I can't answer everything brought up here (and most of it has been tackled already, and by people who are more qualified to, um... tackle...[?]), but I'll try to tackle a few:

    1. The first commenter answered my question with a logical answer (cover versions), using one of the few instances of copyright law that actually seems to be built on common sense. There are a few snags keeping it from being a blanket answer (see also: the epic Marcus v AC subthread), and it only handles one aspect of copyright law affecting only one form of artistic expression, music. See also: Fair Use, sampling/remixing -- issues that generally get resolved in the courtroom.

    2. AC @9:05pm - Don't give up your day job Tim, because damn you suck at comedy.

    Heckling is more effective when you target it properly. If you want to insult my comedy skills, you may want to try one of these pieces, which were written in a comedic style:

    http://www.techdirt.com/articles/20110524/17205614418/uk-injunction-process-revised-to-bet ter-fit-realities-internet-communication.shtml

    http://www.techdirt.com/articles/20110522/15562714 383/open-letter-to-sony-ceo-howard-stringer.shtml

    Have at it.

    3. Buck Lateral - You can call me out on IDEA if you'd like. That was poorly worded on my part. However, you're just jumping on miswording to avoid the bigger issue: Why does copyright need to last more than lifetime? We're looking at 70+ years minimum pretty much all the way across the board. Between you and ALL CAPS, plenty of wordy hay was made about cover tunes and not being able to copyright an idea, but neither of you want to respond directly to the question I asked.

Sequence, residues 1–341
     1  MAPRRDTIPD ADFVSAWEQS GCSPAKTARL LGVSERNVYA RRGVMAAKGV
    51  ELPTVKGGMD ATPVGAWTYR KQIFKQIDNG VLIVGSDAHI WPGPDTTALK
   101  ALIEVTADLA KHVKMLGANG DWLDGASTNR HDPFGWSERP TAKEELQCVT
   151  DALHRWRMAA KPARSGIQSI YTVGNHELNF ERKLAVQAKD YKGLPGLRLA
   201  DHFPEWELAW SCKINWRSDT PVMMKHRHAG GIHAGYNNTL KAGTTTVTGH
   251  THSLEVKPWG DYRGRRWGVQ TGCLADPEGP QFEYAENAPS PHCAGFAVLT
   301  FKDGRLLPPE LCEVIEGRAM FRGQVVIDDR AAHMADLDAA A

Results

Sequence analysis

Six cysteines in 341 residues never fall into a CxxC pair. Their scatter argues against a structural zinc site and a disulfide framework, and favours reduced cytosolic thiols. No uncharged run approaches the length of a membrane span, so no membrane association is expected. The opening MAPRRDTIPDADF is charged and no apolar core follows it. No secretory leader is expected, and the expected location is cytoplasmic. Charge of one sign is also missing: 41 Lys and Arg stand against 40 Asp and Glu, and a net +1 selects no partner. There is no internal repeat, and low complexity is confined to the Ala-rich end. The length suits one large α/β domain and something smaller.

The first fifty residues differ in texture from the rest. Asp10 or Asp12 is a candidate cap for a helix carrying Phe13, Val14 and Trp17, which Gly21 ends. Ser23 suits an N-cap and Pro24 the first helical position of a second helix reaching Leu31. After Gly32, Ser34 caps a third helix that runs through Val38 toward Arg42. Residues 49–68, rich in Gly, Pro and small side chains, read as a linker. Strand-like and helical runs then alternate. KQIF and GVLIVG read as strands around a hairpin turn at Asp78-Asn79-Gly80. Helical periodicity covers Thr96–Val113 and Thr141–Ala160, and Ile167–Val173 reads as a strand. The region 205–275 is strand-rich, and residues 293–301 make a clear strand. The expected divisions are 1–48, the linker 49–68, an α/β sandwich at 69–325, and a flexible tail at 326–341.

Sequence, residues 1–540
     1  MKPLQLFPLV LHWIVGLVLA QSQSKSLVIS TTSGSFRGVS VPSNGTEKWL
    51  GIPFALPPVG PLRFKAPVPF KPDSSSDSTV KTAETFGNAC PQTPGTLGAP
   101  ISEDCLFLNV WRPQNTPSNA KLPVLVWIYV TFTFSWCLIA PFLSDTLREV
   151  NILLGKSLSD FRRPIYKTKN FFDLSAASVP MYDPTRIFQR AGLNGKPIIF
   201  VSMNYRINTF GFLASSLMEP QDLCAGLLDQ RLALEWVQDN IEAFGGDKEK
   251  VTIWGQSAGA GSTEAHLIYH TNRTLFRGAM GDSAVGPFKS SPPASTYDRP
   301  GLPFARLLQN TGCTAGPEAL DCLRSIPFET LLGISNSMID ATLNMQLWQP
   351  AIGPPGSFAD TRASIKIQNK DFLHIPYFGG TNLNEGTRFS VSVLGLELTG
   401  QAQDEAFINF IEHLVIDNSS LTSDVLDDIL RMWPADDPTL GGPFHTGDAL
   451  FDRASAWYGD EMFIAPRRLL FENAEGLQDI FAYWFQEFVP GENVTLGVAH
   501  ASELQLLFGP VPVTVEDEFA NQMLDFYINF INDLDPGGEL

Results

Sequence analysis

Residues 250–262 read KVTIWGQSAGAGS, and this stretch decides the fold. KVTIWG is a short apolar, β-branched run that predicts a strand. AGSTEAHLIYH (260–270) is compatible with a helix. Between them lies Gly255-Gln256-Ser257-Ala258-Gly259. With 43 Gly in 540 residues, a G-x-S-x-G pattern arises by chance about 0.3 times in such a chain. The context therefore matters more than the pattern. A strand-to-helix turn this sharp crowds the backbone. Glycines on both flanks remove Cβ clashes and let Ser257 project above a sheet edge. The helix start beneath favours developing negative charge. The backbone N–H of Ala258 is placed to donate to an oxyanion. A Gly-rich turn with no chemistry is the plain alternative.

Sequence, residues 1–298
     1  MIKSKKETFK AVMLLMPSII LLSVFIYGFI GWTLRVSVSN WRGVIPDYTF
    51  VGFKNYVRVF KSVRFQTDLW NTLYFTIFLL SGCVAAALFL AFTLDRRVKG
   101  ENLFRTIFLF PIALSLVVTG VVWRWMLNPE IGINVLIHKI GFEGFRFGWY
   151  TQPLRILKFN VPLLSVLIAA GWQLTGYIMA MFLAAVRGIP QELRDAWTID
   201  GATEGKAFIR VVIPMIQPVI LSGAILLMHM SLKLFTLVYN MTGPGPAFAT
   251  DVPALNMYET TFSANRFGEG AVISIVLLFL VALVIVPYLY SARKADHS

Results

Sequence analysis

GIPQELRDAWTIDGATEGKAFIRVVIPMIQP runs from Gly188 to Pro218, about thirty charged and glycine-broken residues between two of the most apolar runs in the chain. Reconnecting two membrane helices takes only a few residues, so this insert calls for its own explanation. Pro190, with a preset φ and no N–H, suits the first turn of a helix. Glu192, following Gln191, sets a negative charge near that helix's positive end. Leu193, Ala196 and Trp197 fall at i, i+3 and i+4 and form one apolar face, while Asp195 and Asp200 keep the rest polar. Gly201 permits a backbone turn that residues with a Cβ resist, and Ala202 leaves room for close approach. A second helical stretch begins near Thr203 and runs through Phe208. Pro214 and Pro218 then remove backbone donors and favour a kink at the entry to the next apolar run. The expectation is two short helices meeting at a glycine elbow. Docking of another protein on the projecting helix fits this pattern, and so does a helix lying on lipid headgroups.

Buck, you mention "legitimate debate" and accuse me (well, Mike first and then me) of "whipping up hysteria." If I concede your point that I did this intentionally, where was all the "hysteria"? You're the only one beating this one word to death. If anyone caught any freetardian koolaided hysteria, it was you.

    As for the Koolaid (and the welcome return of the word "freetard" after its self-imposed banishment)? I'm sure you'll find this hard to believe, but it is possible for multiple people to come to the same conclusions without having to attend some sort of mass brainwashing or webinar or whatever. It would stand to reason that Mike would bring in like-minded writers. DailyKOS does it. The Drudge Report does it. Reason does it. Pretty much any site with a distinct viewpoint brings in people who are like-minded. Stop trying to drum up hysteria of your own by painting everyone involved with this site (writers, readers and commenters) as blank-eyed zombie drones in service to Masnick. It gets you nothing but half-assed pats on the back from like-minded AC trolls and instantly marginalizes whatever point you were trying to make.

    (Yet another) AC:

    "Tim is one person among millions encouraging these lazy remakes and reboots."